What matters at the time of death
What matters at the time of death
Part of a series of teachings on the text The Essence of a Human Life: Words of Advice for Lay Practitioners by Je Rinpoche (Lama Tsongkhapa).
- Thinking about what will be of benefit at the time of death
- Gradually applying this teaching to things we are emotionally reactive to
- Enlarging our view to see what will really be beneficial in the long term
- Taking responsibility for our behavior, but not other people’s actions
- Having a heart of love and compassion
The Essence of a Human Life: What matters at the time of death (download)
Death will definitely come and will quickly come.
Should you neglect to train your thoughts
again and again on such certainties
you will grow no virtuous mind,
and even if you do, it will be spent
on enjoyment of the glories of this life.
We talked about that, didn’t we? So we were on the next one:
Think, therefore, upon seeing and hearing of others’ deaths,
“I am no different, death will soon come,
its certainty in no doubt, but no certainty as to when.
I must say farewell to my body, wealth, and friends,
but good and bad deeds will follow like shadows.
This point, I think, is a really important one. At the end of our life, what is going to matter? Because if we look at things from the viewpoint of “at the end of our life, what are we going to take with us to the next life?” that will help us really clarify our priorities and get our mind clear. If we look at life from the viewpoint of “what will benefit me to have happiness today?” we come up with totally different conclusions.
What will benefit me to have happiness today? Well, we all know that, don’t we? Eat this, and be with friends, and do this, and that, and the other thing. Ethical conduct doesn’t play any part in it because we’re only looking for the happiness today. Getting angry at people who interfere with our happiness makes perfect sense from the viewpoint of today. And so we just kind of go through life that way.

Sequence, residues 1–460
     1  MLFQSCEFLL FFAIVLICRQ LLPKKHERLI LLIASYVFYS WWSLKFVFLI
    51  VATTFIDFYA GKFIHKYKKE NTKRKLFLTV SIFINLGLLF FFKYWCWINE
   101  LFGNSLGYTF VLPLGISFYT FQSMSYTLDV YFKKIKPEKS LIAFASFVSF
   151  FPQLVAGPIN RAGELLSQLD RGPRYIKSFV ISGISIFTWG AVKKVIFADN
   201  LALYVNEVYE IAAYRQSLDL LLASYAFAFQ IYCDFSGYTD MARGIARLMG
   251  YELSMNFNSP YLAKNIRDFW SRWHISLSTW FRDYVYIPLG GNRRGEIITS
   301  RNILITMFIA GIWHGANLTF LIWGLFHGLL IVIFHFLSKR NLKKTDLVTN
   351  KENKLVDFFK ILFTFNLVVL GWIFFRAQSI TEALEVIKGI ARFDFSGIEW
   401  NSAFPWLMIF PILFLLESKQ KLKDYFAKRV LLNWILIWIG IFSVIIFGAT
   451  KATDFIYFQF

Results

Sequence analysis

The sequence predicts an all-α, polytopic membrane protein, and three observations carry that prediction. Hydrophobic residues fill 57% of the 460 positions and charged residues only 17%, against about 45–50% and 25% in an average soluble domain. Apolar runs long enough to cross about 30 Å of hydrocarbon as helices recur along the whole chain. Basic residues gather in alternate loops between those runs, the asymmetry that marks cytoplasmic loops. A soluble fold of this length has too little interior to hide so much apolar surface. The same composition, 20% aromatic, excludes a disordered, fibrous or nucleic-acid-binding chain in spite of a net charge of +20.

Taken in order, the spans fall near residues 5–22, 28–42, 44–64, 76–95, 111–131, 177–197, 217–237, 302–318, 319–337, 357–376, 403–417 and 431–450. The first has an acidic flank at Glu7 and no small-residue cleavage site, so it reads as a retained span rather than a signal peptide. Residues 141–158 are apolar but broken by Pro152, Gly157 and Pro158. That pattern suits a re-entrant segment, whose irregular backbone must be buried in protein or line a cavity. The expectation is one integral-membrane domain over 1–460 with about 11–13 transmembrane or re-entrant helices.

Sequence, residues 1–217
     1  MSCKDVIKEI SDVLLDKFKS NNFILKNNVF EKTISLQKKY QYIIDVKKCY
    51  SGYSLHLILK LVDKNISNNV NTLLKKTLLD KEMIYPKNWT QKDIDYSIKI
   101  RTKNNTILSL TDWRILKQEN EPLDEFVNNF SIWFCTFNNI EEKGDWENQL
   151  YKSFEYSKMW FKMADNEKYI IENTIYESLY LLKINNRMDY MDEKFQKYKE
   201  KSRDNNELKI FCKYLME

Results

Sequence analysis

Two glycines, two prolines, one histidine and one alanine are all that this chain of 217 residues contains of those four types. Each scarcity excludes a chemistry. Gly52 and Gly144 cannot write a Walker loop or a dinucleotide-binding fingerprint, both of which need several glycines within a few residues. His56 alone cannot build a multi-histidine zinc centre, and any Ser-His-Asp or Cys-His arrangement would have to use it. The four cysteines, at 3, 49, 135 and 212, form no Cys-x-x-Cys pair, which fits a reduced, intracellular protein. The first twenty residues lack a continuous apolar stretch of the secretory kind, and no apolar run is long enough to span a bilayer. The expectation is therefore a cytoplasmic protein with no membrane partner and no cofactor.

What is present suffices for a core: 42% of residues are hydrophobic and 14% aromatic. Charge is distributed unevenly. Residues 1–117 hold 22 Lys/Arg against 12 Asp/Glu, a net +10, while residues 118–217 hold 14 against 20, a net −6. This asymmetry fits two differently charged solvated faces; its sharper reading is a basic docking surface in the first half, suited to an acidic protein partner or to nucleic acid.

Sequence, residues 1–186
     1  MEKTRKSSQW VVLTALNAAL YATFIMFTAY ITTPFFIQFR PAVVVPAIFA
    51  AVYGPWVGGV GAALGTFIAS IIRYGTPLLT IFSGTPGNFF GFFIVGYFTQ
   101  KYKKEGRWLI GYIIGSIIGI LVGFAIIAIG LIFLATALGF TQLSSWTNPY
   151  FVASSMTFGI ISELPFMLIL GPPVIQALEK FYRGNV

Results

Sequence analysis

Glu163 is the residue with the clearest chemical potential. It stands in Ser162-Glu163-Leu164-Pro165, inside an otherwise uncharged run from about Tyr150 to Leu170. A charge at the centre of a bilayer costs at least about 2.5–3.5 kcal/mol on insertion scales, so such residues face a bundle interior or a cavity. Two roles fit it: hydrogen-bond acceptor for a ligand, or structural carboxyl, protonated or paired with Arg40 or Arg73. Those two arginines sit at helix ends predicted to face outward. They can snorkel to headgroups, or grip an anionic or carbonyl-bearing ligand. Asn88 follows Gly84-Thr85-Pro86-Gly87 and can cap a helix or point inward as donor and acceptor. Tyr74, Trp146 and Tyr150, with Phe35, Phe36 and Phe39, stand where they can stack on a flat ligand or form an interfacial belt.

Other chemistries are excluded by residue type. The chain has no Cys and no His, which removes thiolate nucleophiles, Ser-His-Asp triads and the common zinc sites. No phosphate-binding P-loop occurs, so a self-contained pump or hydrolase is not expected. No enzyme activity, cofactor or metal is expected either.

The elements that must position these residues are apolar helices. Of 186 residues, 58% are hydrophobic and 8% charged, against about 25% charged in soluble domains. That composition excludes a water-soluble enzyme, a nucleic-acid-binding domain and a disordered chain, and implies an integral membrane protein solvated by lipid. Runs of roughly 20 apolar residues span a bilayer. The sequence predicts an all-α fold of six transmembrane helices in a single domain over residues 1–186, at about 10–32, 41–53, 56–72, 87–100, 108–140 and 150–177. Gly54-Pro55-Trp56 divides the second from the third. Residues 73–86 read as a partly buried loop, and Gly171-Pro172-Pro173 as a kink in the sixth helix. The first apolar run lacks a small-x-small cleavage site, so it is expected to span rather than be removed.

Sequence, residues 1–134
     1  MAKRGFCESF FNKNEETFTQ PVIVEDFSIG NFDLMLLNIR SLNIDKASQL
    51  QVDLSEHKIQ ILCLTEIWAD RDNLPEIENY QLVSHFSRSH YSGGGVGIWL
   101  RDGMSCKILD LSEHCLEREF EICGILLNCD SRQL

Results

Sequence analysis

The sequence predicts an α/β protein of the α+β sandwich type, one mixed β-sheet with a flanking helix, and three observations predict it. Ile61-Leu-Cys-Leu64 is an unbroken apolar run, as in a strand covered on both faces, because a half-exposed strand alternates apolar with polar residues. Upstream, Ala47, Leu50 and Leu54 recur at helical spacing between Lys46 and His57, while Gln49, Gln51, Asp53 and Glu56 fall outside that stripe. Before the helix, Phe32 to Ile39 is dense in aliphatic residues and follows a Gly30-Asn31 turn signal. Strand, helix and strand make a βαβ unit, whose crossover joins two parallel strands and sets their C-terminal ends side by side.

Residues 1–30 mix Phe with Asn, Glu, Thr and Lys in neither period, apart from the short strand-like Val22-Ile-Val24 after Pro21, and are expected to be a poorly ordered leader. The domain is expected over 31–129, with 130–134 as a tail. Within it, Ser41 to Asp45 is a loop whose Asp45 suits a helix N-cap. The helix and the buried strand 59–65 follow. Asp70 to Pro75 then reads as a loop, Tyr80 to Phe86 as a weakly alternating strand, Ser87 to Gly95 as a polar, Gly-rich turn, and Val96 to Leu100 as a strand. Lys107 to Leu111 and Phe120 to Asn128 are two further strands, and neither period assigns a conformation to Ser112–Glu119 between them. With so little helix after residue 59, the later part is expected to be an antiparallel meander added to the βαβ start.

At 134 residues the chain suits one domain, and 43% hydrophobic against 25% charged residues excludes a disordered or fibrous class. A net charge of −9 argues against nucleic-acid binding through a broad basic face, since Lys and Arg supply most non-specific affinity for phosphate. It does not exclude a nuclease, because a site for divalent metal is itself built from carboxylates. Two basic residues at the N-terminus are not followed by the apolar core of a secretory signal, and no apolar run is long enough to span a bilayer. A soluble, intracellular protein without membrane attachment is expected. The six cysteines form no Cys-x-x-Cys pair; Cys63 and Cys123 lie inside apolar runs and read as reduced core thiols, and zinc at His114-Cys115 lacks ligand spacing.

If we look at our life from the viewpoint of death, and what will we have to take with us, then if you look at the situations we’re in today where you’re craving something and you’re really wanting something so badly, then at the end of your life will getting that or not getting that make a big difference?
At first try that with small things. If I eat this or don’t eat that will it make a difference at the end of my life? Absolutely not. This is something I’m not even going to remember probably in a week, let alone a day.
But then go deeper into things where you have much more emotional reactivity and ask yourself how important is this issue considering that one day I’m going to die, and what do I take with me. My karma, my Dharma practice. So here I am today and I’m very mad at somebody, somebody did something blah blah blah…. Is that really something that, at the time I die, I want to be thinking about? At the time I die, looking back on my life, is it going to be really important that I clarify the situation with this person, and work out all the details about this incredible sticky emotional situation, is that really important at the time I die?
You have to see. Because some things we say, “Oh, that is really important to me.” But then other things we look, and when we look at them from the point of view that we’re dying it’s like, “Okay, somebody did something that I don’t like, and they talked behind my back, and they did blah blah, and that’s adversely affecting me, but you know, it’s not a big deal.” Yes? “And I really don’t need to make it into a big deal. And if I live to be 80 and I look back on this situation is it going to be a big deal that this person said this and that and the other thing and did this and that and the other thing?” Yes? Is it? Or is it something….